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What do we lose when Cannes is canceled?

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Bong Joon Ho with his Palme d'Or for “Parasite”, at the latest edition of the Cannes Film Festival (Pascal Le Segretain / Getty Images)
Bong Joon Ho with his Palme d'Or for “Parasite”, at the latest edition of the Cannes Film Festival (Pascal Le Segretain / Getty Images)

The Cannes Film Festival has been canceled a few times since its first edition was postponed due to World War II. For the most part, the show has continued since 1946, but that's not the case this year. The 73rd edition, which was scheduled to start on May 12, will no longer be held. Instead, in June, the festival will release a list of films that had been chosen for this year, awarding them the coveted Cannes label. Our critics Manohla Dargis and A.O. Scott, as well as our award season columnist Kyle Buchanan, film festival veterans, ponder what makes this event essential to so many moviegoers.

KYLE BUCHANAN: The awards season was ruined. After a great 2019 edition where the successful streak of Parasites From Bong Joon Ho - the first Palme d'Or winner in 64 years to also win the Oscar for best picture - expectations for this year's festival were sky-high. The event was to begin in mid-May, but as a pandemic continues to hold the world hostage, it became unthinkable to continue a two-week gathering attended by film celebrities from around the world, enjoying a glamorous celebration and haute couture.

The Cannes festival has been canceled, and organizers hope to reorganize the event at some point. Manohla and Tony, you know what the world's most prestigious film festival is like. What is lost when the Cannes festival is canceled?

A.O. SCOTT: Unlike the big three fall festivals - Venice, Telluride, and Toronto - Cannes is independent of the American Oscar season. That does not mean that it lacks a stir, but that its hype is more contained and internal. He doesn't need the academy, although he happily accepts Hollywood. For eleven or twelve days, the festival becomes a cinematic universe by itself. When you are inside it, the rest of the world seems unreal. From the outside, it looks like a strange glass sphere filled with movie stars.

But it's important because behind all those frenzied photographs, yacht parties and fancy red carpet marches, lies an almost religious devotion to film, a passion for art that is neither snobbish nor cynical. All kinds of movies are screened in the main competition and the other shows, and while some win awards and grab the press's attention, they all give them at least a moment of glory. There are few scenes more moving than watching a novice climb the Palais staircase to attend his gala screening, walking the same path as the winners of La Palma and Olympus of authors.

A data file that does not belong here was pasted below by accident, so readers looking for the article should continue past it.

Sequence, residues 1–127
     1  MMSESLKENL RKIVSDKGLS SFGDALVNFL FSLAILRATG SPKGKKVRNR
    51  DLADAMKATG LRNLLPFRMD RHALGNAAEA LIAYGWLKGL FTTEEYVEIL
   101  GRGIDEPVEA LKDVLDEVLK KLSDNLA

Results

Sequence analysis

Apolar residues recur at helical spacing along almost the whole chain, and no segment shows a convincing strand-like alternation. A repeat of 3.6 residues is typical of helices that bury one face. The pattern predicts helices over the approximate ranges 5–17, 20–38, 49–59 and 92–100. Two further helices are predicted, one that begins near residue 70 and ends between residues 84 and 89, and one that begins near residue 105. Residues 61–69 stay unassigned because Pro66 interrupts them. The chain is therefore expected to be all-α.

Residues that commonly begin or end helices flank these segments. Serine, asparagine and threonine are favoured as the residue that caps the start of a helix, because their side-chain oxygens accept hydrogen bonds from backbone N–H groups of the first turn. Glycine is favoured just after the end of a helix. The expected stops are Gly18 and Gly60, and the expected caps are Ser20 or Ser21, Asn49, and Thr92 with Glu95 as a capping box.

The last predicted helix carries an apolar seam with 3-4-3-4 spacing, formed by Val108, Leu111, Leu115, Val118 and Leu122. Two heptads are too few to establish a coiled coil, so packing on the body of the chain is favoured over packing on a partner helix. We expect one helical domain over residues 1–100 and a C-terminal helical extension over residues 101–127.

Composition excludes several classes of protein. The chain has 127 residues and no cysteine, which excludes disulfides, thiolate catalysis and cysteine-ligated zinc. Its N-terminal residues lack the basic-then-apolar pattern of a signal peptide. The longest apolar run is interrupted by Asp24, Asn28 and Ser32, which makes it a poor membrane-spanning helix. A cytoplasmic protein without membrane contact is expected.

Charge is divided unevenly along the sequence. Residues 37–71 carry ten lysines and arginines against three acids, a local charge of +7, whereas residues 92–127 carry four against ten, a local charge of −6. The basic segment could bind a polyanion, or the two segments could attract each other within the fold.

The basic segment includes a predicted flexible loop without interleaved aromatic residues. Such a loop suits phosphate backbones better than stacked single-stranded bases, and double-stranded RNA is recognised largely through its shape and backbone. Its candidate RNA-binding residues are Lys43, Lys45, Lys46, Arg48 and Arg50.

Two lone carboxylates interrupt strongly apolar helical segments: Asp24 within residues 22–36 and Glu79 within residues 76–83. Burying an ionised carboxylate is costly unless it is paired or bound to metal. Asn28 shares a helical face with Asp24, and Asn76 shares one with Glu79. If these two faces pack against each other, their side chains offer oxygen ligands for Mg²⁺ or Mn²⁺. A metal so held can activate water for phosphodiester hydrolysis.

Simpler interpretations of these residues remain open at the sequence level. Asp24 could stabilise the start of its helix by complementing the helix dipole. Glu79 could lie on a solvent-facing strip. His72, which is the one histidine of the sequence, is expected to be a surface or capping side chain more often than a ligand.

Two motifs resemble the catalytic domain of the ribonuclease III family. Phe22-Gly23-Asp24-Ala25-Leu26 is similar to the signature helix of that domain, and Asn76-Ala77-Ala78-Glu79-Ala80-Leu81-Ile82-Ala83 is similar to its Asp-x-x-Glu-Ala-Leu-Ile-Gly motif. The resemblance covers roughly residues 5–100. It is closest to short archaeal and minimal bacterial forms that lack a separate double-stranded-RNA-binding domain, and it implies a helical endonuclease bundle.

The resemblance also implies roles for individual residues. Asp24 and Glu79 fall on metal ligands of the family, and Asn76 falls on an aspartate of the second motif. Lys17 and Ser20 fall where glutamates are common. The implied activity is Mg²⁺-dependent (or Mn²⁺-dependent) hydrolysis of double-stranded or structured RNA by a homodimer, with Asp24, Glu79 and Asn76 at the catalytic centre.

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MANOHLA DARGIS: I have no doubt that Cannes - and most festivals, cinemas, movies and viewers - will return. It is obvious that I support the festival, which I have attended for years and that I love. There you can see some of the newest and best movies in the world in one event, which is exciting, exhausting and crazy, just because you want to see everything and it is not possible. And, since there are so many premieres, you can discover them yourself. I supposed that Parasites It would be good for Bong, the director. But I saw it in Cannes before anyone could tell me (and tell me again) that it's great. Attending the festival is a privilege in many ways.

It is difficult for Americans to understand the importance of Cannes to the rest of the world. This is because our isolationism extends to culture. It was exciting to see that Parasites succeeded in America, which happened, in part, thanks to the festival. It's an impressive publicity generator, and the thousands of journalists who attended the event last year sparked interest in the film internationally, giving it a terrific boost that only increased as it was screened at other world festivals. Disney can dominate weekend releases with just its brand. But movies like Parasites